I think most of us will agree that Hollywood, as an industry, doesn’t take nearly enough risks. Studios are perfectly content with following a pattern, playing in their own familiar sandbox with their same old toys until someone else in school discovers what the new, cool trends are going to be. If someone else can make a buck off of a fresh idea, it may just galvanize them into trying something new of their own. But even then they’re not always going to jump onto the bandwagon — Avatar made more money in a few months than entire nations do in a year and we have yet to see rival studios launch similarly ambitious sci-fi epics.
I don’t blame them, really. I’ve always respected the fact that making movies is a business and that certain investments are just too risky to make. So I understand that studios aren’t lining up around the block to throw hundreds upon hundreds of millions of dollars at filmmakers with bold visions. I don’t, however, understand why studios are so resistant to taking smaller risks, or why they’re so afraid to tread new ground with old or established properties.
Take Predators for example. There’s as much to like about Nimrod Antal’s re-introduction of the iconic character as there is to dislike, but the biggest obstacle holding it back is its adherence to old times. Obviously you shouldn’t change an icon like the Predator (though they did), but if you’re going to set a film on the Predator’s home world, at least make that world look different than ... Hawaii. Change things up; change the climate, the foliage. Don’t just add some extra moons and call it a day.
It’s not just Predators, of course. All blockbuster franchises (many of which, of course, tend to fall in the sci-fi/fantasy realm) fall into a groove where they are afraid of changing the environment of their movies out of fear that audiences will reject them. But I don’t think anyone really cares about altering a property's world so long as the fundamentals stay the same. In fact, I think people will actively embrace it. I’m sure I’m not the only one who, as a kid, identified each of the original Star Wars films as “the one where they go to the ice planet Hoth” or “the one on Endor.” Most franchises fizzle out at the third film, which is precisely when they should get experimental with new world-building, and that is precisely the lesson I think Hollywood should take from the game series BioShock, which will soon be releasing its third entry, BioShock Infinite.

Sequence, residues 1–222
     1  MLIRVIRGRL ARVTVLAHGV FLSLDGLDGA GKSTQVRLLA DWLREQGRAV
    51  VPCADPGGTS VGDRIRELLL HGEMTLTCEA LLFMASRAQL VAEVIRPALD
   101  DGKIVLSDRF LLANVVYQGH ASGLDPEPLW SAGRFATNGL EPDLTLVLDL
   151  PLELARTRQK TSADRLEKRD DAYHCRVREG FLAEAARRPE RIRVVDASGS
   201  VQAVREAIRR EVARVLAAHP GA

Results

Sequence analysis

Even if you haven’t played the BioShock games, I think most people know about Rapture, the massive underwater city in which the first two games are set. That underwater metropolis-turned-dystopia is the first thing anyone thinks of when they think of BioShock. It’s the game’s boldest brand identity, after all. But for BioShock Infinite, original game designer Ken Levine is completely abandoning that brand identity. And in a big, big way. Check out the trailer for it:
I struggle to think of another sci-fi franchise that mas made that radical of a shift with its world-building. And yet, if you’ve played the first two games, there is absolutely no mistaking Infinite as anything but a BioShock game. The art deco design, then steampunk-ish Big Daddy hand, the bizarre psychic abilities. Those are the fundamentals; those are all people need to “get” the series. The setting clearly isn’t crucial.
I also struggle to think of any time I’ve been this excited for a third entry in a franchise based solely on a trailer. It’s entirely due to that promise of creativity, that the minds behind the series know when elements of their world are getting stale. Hollywood is perfectly content with letting things stale, though. They underestimate our willingness to go to new places, to accept new dynamics. But so long as the personality is the same, I don’t think audiences will mind one bit.